In the past I held positions of responsibility and always had others who did the doing things for me. I used to supervise personnel; I tended to be in charge of my own work unit, and my own time.
I once attended a job interview where I was asked by members of the interview panel how would I organize and set up a telephone conference. I replied that I would email/telephone the IT guys with dates and times and have them do it.
To my horror, I learned that apparently I was the one responsible for this task and would have to arrange this telephone conference myself. Gee that sucked! Needless to say I immediately lost interest in the job (nor did I get it, for some strange reason). Whenever I retell this story I still manage to laugh at my reaction “What, I have to organize what?” Thank goodness for my attitude readjustment!
Over the years I’ve had many job and career changes and with each role someone would always be available who I could count on to help me out. Always, without fail!
Never having to worry about all that other ‘stuff’ kept me a prisoner of my own comfort zone. There was always someone else who did that ‘stuff’ while I got on with other work I was responsible for, there was always a safety net.
Back to the advertising leaflets, I tried, with the help of others to find personnel to do that ‘stuff’ (handing out leaflets while I would be doing something else I was responsible for) for me.
I quite simply couldn’t find anyone who was okay with doing ‘stuff’ for me.
Then an amazing thing happened.
As I was telling my sad and pitiful tale to a friend of mine, my friend cheerfully offered to help out. I was stunned and thought to myself “if my friend is willing to go out on a limb for me, what was my hang up?
The hang up was easy to identify. It was the fear of doing something for the first time. It was once again time to step outside my comfort zone. Sigh.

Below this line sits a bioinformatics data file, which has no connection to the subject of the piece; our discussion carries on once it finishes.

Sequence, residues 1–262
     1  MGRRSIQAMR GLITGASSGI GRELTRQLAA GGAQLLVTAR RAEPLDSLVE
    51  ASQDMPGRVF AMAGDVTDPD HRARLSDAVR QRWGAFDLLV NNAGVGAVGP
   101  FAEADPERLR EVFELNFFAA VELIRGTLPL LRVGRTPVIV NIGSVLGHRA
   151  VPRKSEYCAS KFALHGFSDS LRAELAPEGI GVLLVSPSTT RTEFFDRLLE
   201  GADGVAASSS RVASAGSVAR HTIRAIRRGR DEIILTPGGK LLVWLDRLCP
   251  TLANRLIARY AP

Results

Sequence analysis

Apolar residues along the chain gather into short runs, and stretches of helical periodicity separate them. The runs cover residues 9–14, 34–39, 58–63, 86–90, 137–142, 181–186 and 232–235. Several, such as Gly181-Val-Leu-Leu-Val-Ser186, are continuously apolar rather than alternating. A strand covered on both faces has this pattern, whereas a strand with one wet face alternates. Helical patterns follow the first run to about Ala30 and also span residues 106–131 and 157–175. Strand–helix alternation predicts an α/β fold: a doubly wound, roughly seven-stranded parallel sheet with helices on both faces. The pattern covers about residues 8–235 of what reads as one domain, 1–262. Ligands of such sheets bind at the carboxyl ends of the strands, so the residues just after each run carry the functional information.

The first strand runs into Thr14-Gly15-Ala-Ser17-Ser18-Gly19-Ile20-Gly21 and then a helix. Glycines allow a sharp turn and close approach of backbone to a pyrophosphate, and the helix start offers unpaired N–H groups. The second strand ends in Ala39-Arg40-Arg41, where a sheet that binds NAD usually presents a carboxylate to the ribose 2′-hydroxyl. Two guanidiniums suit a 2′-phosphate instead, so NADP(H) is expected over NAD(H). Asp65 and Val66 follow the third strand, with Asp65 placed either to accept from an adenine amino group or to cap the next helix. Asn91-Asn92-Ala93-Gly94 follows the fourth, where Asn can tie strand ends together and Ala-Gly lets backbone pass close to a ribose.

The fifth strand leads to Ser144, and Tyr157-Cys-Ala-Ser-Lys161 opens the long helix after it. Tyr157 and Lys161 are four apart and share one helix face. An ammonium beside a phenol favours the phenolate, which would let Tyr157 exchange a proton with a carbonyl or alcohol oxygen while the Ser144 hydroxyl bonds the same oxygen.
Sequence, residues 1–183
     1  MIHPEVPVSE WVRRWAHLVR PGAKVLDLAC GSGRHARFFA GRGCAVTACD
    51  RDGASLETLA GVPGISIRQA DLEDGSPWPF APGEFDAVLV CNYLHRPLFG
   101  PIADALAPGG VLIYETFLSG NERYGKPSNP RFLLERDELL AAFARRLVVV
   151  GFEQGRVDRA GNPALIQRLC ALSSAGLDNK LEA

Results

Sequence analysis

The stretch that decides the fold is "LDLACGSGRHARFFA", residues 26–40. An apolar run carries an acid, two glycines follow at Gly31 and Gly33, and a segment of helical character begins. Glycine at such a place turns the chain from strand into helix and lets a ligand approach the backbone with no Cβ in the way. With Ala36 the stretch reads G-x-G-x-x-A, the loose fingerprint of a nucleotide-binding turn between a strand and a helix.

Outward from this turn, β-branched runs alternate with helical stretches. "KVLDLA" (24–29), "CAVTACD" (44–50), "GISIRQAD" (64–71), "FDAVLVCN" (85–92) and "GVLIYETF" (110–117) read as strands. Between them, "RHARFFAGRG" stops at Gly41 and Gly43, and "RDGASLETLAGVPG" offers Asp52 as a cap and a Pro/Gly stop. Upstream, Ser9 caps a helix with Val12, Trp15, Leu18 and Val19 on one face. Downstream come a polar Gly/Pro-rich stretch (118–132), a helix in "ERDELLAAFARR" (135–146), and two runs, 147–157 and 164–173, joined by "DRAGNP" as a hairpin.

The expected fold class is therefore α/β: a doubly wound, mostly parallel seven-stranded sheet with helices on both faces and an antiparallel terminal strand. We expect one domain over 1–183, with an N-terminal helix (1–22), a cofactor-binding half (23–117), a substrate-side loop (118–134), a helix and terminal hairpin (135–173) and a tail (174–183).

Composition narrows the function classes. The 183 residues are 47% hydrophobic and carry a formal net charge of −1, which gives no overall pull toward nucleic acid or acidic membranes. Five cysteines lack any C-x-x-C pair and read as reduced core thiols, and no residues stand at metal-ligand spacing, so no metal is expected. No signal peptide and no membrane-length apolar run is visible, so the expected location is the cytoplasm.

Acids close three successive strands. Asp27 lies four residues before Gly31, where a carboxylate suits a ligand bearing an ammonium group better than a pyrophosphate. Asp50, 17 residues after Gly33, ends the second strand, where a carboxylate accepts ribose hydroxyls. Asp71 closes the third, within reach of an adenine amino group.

After I gave myself a stern silent talking to, like “What on earth is up with you?”
“You know you’ve been running away from having to do this that’s why now you have to do this, you need this experience!”
“Becoming fearless will set you free!” Reply to self, “easy for you to say!”
Once I worked out exactly what my strategy would be in overcoming this fear I became peaceful with a new attitude of “Let’s do this, it’ll be fun and you never know how many nice people I’ll meet today?” and “This is the perfect excuse and trade off to do lunch in town with my friend”
Remember back to when you first stepped outside your comfort zone. Maybe you were scared and fearful because you were unaware of what would happen next or you were fearful of being rejected by others of what you had to offer (for example: advertising leaflets)?
Now recall the second, third (or more) time you did the same thing. What was your experience like after several times of doing the same thing? My wild assumption is that you learned something new every time and you adjusted your strategies accordingly.
Your mind remembers all that you do (whether consciously or unconsciously). The more you do something outside your comfort zone, the easier it will become to adjust to your new comfort zone.
Whenever you try on something new know that it does get easier with time and as you continue to learn, grow and as you continue doing, you’ll become an expert before you know it.
<a href=”http://www.michaelascherr.com”>Michaela Scherr</a>